Kremlin authorities are investigating the possibility that Ukrainian “beaver” drones were responsible for recent attacks on Moscow, according to Russia media reports.

Although they haven’t officially revealed this allegation, sources familiar with the matter shared this information with Russia’s Kommersant newspaper.

Debris matching the beaver (Bober in Ukrainian) – including a unique keel shape and dark blue coloring – was allegedly discovered near the Moscow-City financial tower complex.

A Newsweek report, citing open-source intelligence accounts, has also suggested that Ukrainian Bober drones could be behind recent attacks on Moscow, which the Kremlin has blamed on Kyiv.

Ukraine seldom acknowledges direct involvement in drone strikes within Russian territory. Nonetheless, Ukrainian officials sometimes hint at being involved in such incidents on social media.

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In the midst of the recent attacks on Moscow, Serhiy Prytula, the founder of one of Ukraine’s main projects for military and humanitarian fundraising, posted a video of himself with Ukrainian-made “Bober” (Beaver) drones, saying: “We have no idea what can fly to Moscow!”

What is a Beaver drone?

The Bober, or “Beaver,” is a Ukrainian kamikaze drone, which began development in 2022. Fundraising for the creation of the Beaver drones was initiated on Twitter in December upon the request of Ukraine’s Main Intelligence Directorate (HUR) under the Ministry of Defense.

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The identity of the company responsible for producing these drones remains undisclosed. There is a belief that HUR might be the supplier of these drones. The cost of this UAV is estimated to be around Hr. 4 million.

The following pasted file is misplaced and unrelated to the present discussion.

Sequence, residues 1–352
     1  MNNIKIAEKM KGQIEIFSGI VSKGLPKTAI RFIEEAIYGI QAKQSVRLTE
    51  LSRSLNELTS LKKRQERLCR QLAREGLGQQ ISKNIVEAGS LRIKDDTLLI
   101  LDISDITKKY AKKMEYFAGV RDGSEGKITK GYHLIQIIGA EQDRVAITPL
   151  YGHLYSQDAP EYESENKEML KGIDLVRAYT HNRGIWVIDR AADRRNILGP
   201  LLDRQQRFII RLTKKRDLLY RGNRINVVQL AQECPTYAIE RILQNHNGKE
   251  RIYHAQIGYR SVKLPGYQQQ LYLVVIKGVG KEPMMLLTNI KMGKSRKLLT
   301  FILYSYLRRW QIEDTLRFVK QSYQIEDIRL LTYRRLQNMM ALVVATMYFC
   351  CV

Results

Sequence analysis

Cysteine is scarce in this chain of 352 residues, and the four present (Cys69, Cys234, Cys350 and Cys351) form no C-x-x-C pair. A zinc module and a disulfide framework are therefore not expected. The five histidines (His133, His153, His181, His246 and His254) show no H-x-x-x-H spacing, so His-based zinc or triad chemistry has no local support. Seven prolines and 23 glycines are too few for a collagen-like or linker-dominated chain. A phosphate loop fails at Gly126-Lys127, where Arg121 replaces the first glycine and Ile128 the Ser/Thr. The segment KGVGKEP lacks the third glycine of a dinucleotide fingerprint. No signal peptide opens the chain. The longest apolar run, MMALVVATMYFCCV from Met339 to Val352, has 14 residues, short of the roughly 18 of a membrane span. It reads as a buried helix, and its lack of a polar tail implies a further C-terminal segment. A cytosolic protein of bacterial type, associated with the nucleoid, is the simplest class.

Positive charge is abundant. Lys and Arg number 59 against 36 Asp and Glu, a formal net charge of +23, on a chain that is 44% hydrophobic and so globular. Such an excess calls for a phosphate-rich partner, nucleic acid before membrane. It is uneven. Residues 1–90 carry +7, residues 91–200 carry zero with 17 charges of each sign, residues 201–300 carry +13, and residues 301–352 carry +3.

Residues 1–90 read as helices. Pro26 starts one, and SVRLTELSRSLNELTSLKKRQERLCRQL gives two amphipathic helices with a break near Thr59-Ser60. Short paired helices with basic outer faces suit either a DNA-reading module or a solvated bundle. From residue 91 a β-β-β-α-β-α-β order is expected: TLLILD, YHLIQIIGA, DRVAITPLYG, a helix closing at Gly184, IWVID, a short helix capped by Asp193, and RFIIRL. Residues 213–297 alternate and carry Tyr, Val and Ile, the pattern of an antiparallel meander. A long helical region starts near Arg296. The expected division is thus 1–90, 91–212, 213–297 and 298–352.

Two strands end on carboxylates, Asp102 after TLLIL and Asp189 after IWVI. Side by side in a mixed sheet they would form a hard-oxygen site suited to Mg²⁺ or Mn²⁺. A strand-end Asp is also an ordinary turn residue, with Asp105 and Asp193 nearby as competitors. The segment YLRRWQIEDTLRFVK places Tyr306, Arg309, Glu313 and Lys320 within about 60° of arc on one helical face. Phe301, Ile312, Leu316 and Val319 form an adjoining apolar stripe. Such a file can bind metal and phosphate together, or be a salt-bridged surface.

The Beaver UAV bears a resemblance to an airplane, featuring canards – horizontal control surfaces forward of its main wing – on the compact front section that help give it extended flight capabilities, covering a range of approximately 1,000 kilometers.

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The canards incorporated into the aerodynamic design of the Beaver UAV increase its efficiency and maneuverability while reacting to threats in air defense zones or changing targets without compromising lift. While visually resembling the Iranian Shahed drone, it’s more susceptible to electronic warfare systems that Russia may be using.

Experts suggest deploying Beaver drones in substantial numbers to enhance their ability to penetrate enemy air defenses and counter electronic warfare measures through saturation.

The preliminary technical specifications, though unverified, indicate a wingspan of about 2.5 meters, a length of approximately 2 to 2.5 meters, and an operational speed ranging from 150 to 200 km/h. Its estimated weight is around 150 kg, and the potential warhead capacity is approximately 20 kg.

The UAV airframe is designed to allow launch from both prepared runways and highways, adding to its portability, flexibility and accessibility.

The attack on August 1

Russia’s Economic Ministry tower in the Moscow-City financial precinct faced yet another repeated attack, occurring at the same hour as the previous incident two days before. This time, a drone targeted the 21st floor, housing the premises of the Russian Federation's Ministry of Economic Development.

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The drone strike caused an explosion equivalent to about 2 kg of TNT, shattering the glass facade of the building over an area of 500 square meters and inflicting significant damage to approximately a quarter of the office space on that floor. No military or civilian casualties were inflicted.

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